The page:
If you’ve been visiting the CTV.ca, Bright Roll, Global TV, City TV or Canoe news sites this week, you may have seen our latest Social Issues Marketing campaign for the government of Canada, “Faces of Abuse.”
It is our latest work with Human Resources and Skills Development Canada (HRSDC) to make people more aware of the issue of Elder Abuse.
Our previous awareness campaign against elder abuse (which is still running on TV) gave the general public viewer the point-of-view perspective of a neighbour witnessing three types of elder abuse occurring in his or her community. The sometimes disturbing and violent imagery really struck a nerve with Canadians, generating some of the highest recall rates ever measured for a Government of Canada awareness campaign: 58% total aided recall, 53% unaided recall and 54% aided TV recall. It also won the IABC Ottawa Excellence in Communication Leadership (EXCEL) Award for the Social Responsibility campaign category for 2010.
Obviously, that first campaign is a hard act to follow. So we didn’t try to create a sequel. With a new brief from the client, aimed at making seniors and the people who care for them more aware of the specific dangers of financial abuse by both formal and informal caregivers, we set out to create an even more gripping ad.
In some ways, depicting verbal and physical abuse in the previous campaign was easier than the purely financial message. Financial abuse of seniors is something much more insidious, takes many forms, and can even be inflicted by a loved one.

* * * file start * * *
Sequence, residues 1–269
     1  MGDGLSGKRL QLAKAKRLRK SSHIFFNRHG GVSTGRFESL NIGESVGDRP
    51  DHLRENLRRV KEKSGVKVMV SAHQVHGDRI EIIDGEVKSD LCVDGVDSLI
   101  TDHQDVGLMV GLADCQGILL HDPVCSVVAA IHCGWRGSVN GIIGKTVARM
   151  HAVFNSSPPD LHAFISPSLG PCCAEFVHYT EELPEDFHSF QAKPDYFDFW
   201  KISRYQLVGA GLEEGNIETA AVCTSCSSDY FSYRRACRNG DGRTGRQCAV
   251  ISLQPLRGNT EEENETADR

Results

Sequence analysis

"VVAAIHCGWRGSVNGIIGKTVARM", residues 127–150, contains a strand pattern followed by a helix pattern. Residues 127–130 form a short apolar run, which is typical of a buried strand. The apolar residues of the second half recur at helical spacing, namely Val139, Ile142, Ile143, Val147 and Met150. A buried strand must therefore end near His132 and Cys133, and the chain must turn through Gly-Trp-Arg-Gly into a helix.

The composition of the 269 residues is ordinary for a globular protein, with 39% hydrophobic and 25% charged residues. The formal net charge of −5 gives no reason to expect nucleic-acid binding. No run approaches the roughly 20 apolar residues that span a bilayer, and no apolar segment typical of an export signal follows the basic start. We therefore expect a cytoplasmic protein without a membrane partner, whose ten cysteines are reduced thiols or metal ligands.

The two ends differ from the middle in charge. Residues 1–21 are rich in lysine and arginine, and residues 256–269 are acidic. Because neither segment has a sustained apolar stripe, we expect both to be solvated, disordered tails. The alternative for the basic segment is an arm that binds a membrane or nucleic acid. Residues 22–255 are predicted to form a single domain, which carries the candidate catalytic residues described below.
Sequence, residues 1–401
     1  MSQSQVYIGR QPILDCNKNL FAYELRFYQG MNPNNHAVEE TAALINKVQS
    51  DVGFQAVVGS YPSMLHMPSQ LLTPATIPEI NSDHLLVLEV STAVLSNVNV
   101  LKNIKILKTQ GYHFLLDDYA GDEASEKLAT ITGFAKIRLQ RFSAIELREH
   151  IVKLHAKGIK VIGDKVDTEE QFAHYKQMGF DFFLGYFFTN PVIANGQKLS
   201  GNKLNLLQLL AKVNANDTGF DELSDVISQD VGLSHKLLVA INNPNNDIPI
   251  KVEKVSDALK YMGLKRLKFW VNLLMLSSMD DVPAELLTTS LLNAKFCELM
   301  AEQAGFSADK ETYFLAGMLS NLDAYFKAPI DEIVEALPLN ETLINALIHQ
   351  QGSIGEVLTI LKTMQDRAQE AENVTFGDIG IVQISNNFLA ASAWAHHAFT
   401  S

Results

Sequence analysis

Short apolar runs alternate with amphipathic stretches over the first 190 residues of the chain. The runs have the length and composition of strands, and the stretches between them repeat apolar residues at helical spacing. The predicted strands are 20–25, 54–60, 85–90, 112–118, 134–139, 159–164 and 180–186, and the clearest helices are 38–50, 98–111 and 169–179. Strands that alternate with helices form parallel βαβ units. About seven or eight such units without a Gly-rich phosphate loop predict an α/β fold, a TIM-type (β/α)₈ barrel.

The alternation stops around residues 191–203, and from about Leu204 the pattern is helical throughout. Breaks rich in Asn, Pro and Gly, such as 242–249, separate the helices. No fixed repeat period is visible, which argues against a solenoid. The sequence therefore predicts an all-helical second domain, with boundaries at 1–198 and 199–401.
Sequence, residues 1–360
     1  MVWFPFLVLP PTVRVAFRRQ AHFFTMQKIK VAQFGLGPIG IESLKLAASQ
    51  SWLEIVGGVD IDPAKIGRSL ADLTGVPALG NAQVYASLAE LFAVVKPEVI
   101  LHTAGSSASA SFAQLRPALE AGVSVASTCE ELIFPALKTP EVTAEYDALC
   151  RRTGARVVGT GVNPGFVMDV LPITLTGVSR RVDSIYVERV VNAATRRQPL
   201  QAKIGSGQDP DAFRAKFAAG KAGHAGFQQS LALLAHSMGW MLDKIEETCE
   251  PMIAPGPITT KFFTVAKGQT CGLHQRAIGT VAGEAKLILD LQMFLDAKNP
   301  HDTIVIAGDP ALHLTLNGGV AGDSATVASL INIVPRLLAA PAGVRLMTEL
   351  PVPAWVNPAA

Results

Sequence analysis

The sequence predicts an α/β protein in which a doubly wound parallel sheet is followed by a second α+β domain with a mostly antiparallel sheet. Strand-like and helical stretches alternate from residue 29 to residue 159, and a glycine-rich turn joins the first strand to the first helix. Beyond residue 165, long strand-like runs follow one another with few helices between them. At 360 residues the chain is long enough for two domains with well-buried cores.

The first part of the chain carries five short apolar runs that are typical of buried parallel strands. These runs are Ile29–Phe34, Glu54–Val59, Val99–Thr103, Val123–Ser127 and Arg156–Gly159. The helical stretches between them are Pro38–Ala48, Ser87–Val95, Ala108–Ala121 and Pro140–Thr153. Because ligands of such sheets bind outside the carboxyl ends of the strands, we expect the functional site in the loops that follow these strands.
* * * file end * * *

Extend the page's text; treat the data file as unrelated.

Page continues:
Our solution was to create a scenario that looked completely innocent on the surface: an elderly woman having tea with a woman who could be a relative, care worker, or neighbour. Using a change of tone, we quickly take the viewer beneath the friendly exterior to show the kinds of abuse that could be taking place: pressure to help with a bad investment, flattery to coerce money, and threats of abandonment. As the elderly woman becomes aware of what is really going on, she walks away from the situation (presumably to seek help).
It’s a jarring approach, but one that our focus group research showed us will break through to the target audience. (One elderly woman in our groups was moved to tears.) That’s Work That Matters.
Agency: Acart Communications
Senior Creative Director: John Staresinic
Creative Director: Tom Megginson
Associate Creative Director: Vernon Lai
Art Directors: Kerry Hodgson, Javier Frutos
Copywriters: Tom Megginson, Vincent LeBlanc
Production Manager: Lynn Norris
Agency Producer: Pierrette Bornais
Account Director: Gillian Todd-Messinger
Account Manager: Tania Glithero
Media Strategy: Sue McKinney, Kevin Scannell, Natalie Lafleche
Production House: La Cavalerie
Director: Dominique Laurence
Producer: Émilie Heckmann
Production Manager: Sébastien Poussard
DOP: Jonathan Decoste
Artistic Director: Susan MacQuarrie
Editors: Hubert Hayaud, Benoit Marcoux
Stylist: Marie-Claude Guay